More than 15,000 buildings and 250 miles of roads on the South Coast may be inundated by a 10-year storm event as soon as 2050, according to The Trustees’ third annual State of the Coast report. A 100-year storm is expected to affect more than 21,000 buildings and 360 miles of roads in the same timeframe, and impact ecosystems crucial to coastal resilience.
“The impacts of flooding and storm surge may be significant in this region,” notes Cynthia Dittbrenner, Trustees Director of Coast and Natural Resources. “In addition to impacts projected to our homes, businesses, and infrastructure, projections show vast losses of coastal salt marshes. When natural landscapes like salt marsh deteriorate, so does the overall resilience of our coastlines to storm surge and sea level rise.”
The 44-page report highlights the climate change-driven impacts of sea level rise and storm flooding faced by the Buzzards Bay and Narragansett-Bay facing towns on the South Coast of Massachusetts. These include impacts to beaches, salt marsh, developed areas like harbors and business districts, working waterfronts, and habitats in Falmouth, Bourne, Wareham, Marion, Mattapoisett, Fairhaven, New Bedford, Dartmouth, Westport, Fall River, Somerset, Swansea, Rehoboth, and Seekonk.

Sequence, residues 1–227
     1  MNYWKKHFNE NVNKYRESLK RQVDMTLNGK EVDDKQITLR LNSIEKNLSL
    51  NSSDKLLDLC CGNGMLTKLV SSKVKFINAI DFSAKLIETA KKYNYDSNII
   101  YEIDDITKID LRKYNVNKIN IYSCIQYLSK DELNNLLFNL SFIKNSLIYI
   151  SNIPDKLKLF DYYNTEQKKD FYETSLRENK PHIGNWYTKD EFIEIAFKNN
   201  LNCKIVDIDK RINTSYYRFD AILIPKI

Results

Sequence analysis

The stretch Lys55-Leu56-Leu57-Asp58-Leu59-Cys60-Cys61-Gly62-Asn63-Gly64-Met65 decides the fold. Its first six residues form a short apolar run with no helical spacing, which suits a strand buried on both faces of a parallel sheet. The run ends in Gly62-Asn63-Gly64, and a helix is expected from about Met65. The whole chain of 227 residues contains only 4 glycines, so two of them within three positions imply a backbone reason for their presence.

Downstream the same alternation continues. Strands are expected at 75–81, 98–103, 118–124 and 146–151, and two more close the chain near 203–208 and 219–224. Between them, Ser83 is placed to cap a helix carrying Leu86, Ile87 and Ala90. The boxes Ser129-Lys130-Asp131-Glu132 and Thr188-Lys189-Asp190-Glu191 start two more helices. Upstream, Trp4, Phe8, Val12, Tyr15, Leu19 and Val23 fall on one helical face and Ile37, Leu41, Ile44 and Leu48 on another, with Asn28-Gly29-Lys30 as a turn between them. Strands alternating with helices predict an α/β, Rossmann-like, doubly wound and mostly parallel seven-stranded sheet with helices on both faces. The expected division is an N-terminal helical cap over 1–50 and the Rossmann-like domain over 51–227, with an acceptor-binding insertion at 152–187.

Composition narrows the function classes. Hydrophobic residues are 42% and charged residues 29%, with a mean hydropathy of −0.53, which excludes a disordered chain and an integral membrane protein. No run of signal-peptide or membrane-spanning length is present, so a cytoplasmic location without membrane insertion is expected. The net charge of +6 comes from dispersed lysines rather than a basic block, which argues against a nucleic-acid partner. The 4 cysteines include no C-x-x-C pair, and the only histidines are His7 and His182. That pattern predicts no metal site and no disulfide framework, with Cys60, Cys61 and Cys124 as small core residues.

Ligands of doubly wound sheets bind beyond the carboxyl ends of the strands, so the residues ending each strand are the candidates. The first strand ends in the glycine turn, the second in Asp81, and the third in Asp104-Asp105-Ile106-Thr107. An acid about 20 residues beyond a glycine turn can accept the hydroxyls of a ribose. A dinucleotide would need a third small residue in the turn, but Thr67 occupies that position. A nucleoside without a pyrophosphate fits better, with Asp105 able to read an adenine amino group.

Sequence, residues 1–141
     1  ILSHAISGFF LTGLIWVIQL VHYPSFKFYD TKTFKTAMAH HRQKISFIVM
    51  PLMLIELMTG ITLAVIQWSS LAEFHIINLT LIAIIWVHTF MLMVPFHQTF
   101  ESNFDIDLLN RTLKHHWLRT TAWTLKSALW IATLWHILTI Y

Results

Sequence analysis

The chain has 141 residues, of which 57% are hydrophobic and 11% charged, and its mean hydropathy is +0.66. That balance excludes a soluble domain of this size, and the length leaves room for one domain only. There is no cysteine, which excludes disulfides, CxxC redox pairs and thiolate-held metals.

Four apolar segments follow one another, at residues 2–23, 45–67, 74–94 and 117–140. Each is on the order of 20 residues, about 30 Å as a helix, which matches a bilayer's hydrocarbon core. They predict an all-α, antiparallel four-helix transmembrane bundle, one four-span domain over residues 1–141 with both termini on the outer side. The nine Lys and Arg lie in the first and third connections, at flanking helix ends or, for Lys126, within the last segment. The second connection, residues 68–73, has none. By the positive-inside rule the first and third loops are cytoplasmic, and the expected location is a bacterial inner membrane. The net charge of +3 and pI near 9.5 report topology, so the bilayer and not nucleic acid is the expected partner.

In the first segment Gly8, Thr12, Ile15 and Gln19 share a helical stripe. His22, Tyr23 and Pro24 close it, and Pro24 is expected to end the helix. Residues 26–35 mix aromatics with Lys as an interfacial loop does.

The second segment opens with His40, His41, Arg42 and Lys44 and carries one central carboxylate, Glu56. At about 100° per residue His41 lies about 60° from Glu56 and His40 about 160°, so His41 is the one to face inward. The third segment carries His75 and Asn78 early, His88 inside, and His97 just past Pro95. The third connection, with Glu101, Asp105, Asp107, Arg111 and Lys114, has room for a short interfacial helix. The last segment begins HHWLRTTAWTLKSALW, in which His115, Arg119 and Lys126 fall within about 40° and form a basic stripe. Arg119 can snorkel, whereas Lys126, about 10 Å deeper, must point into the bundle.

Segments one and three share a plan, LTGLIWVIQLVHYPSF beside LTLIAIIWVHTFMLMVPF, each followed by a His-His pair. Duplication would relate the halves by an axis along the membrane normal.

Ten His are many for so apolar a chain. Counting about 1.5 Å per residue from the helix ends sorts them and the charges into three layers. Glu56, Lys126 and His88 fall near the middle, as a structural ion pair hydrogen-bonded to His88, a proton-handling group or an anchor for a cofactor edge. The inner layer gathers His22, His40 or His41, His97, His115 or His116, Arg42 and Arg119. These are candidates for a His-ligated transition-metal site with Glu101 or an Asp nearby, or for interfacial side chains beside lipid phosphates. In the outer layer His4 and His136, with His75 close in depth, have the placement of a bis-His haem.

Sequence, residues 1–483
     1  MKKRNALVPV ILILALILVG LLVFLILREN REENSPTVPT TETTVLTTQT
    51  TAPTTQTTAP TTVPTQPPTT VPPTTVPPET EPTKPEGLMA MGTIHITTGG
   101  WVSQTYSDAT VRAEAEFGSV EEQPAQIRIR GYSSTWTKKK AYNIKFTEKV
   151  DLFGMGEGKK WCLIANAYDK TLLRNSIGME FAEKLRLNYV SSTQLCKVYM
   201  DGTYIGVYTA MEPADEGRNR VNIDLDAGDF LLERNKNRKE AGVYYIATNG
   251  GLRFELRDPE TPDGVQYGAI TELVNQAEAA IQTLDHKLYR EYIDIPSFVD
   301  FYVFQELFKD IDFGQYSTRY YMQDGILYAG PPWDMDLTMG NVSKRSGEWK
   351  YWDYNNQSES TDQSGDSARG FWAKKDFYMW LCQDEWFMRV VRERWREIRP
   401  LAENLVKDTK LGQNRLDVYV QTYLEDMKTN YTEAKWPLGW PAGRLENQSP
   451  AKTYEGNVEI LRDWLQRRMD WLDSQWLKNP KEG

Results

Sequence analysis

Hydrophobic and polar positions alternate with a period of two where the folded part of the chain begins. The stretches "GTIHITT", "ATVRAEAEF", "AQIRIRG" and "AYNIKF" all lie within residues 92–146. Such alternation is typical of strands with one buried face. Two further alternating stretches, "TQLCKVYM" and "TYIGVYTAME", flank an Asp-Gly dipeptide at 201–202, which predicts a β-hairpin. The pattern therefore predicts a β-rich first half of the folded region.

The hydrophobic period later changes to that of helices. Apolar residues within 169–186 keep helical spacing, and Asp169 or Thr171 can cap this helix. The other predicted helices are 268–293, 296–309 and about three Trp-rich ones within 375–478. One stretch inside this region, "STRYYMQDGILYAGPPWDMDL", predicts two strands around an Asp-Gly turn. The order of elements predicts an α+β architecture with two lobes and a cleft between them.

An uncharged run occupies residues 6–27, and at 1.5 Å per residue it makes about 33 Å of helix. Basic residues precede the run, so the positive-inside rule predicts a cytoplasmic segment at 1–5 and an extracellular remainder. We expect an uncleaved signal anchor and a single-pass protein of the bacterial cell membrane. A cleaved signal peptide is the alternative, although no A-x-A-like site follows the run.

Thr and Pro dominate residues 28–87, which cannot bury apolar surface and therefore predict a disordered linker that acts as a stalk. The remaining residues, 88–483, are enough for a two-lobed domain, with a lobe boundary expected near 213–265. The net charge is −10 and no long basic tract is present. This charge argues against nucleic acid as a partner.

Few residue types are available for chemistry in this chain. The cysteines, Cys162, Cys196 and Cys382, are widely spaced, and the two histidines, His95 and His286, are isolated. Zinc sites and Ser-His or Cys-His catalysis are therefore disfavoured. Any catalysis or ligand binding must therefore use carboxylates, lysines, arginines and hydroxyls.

Download the report by clicking the image to the left, or explore the digital version of the report for interactive maps and additional data.